New Year 2019
The Annunciation: A Pilgrim’s Quest
Inspired by a chance viewing of a painting in the National Gallery, on loan from Winchester College, award-winning journalist and Winchester resident Mark Byford searches for the spiritual meaning of Luke’s biblical story of the Annunciation.
Wednesdays 23 & 30 January and 6 February, 12.30 – 1pm
at The United Church, Jewry Street, Winchester.
Mark Byford was Deputy Director-General of the BBC and head of BBC Journalism from 2004 to 2011. He chaired the BBC Journalism Board, with overall responsibility for the world’s largest news organisation’s radio, television and interactive journalism across the UK and around the world. He was a member of the BBC Executive Board for thirteen years. After leaving the BBC, Byford became a writer as well as focusing on voluntary and charitable work. His first book, A Name on a Wall, about an American soldier killed in the Vietnam War, was published in 2013. His second book, The Annunciation: A Pilgrim’s Quest, was published in April 2018. He is a Lay Canon and a member of the Chapter at Winchester Cathedral.
|23 January||The Journey Begins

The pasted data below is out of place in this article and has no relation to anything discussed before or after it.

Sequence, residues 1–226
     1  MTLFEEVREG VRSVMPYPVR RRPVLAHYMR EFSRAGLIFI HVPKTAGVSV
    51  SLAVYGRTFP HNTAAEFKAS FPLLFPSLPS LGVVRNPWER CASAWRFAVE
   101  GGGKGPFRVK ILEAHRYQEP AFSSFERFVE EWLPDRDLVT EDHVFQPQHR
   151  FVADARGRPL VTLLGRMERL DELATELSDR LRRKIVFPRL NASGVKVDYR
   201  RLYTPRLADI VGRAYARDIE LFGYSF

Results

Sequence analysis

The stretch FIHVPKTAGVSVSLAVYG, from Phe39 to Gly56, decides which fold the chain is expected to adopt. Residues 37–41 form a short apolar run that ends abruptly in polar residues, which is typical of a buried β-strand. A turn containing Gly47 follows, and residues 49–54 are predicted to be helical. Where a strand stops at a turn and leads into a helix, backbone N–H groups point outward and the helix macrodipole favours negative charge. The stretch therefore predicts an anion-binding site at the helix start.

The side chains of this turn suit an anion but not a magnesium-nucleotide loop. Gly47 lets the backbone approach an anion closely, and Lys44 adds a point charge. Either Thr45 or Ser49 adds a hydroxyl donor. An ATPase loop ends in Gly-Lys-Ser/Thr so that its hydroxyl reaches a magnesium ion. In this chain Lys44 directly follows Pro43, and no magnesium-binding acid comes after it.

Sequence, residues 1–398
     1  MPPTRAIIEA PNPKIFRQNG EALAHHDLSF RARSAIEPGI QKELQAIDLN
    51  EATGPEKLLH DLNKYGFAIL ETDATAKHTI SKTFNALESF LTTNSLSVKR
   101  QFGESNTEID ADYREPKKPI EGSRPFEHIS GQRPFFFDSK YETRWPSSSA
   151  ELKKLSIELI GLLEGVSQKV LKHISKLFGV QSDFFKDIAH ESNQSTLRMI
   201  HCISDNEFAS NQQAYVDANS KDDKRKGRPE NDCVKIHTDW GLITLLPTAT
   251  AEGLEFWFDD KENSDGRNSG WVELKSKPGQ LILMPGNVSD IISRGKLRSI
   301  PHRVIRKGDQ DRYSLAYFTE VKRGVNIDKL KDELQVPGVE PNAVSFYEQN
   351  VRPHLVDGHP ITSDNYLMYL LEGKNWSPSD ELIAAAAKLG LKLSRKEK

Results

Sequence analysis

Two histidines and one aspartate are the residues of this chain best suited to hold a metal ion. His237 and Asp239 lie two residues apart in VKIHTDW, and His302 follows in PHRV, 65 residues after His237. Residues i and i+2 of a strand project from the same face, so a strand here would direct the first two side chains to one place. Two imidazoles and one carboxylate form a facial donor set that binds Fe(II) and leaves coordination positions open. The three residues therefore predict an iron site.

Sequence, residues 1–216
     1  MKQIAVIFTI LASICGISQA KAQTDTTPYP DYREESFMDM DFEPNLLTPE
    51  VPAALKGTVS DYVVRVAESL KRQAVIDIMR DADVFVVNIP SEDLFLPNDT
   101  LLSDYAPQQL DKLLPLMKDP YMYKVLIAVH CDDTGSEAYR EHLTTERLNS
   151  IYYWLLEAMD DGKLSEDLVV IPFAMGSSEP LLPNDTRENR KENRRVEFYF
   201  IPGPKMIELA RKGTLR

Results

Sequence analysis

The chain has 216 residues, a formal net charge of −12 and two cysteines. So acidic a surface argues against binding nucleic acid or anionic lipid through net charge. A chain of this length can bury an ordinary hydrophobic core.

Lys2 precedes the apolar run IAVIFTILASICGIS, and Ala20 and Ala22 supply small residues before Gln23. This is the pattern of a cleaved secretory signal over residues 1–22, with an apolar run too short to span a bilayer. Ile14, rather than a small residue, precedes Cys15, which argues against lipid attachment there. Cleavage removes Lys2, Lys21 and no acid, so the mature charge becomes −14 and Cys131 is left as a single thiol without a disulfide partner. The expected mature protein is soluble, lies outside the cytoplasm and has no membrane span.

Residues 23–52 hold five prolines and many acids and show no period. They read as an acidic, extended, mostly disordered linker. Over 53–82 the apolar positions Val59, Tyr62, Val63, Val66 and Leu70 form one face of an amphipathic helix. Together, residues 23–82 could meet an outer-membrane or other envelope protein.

Mark Byford explains how a chance encounter with François Lemoyne’s painting of The Annunciation led him to set out on a three-year pilgrimage of discovery, to understand the history of the eighteenth-century picture that came to Winchester College from Paris in 1729 and to learn more about Luke’s gospel passage that was the inspiration behind the image. One bishop tells him the Annunciation is ‘the most important event in human history’. If so, why has the status of the feast been lost in today’s world?
|30 January||The Meaning of the Meaning
For three years, Mark Byford listened to more than a hundred senior clerics from all Christian denominations, world-renowned theologians and art historians offer their own personal interpretations of Luke’s gospel story of the Annunciation. What did they tell him and what phrases resonated in particular?
|6 February||Seeing not Looking
For three years, Mark Byford traveled the length and breadth of the country, crossed the Continent and visited the Holy Land in search of the most famous and iconic images and artistic symbols of the Annunciation. From the earliest known image hidden in a catacomb in Rome to the great Renaissance paintings in Florence and Venice; from an Andy Warhol screen print and a Grayson Perry tapestry to unknown works from around the world, what images made the most impact and why?
Mark took questions after this talk
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|Loving God, calling your friends in new and unexpected ways,
choosing Mary from the powerless and unnoticed in the world,
yet greatly loved and cherished in your sight,
that she should be the mother of our saviour;
so fill us with your grace
that we too may accept the promptings of your spirit
and welcome your angel with glad and open arms.
|from “Annunciation prayer” by Jim Cotter|
Space in the City is an ecumenical venture organised by lay, licensed, ordained and associate members of Winchester’s city churches: St Bartholomew and St Lawrence with St Swithun-upon-Kingsgate, St Peter’s and the United Church.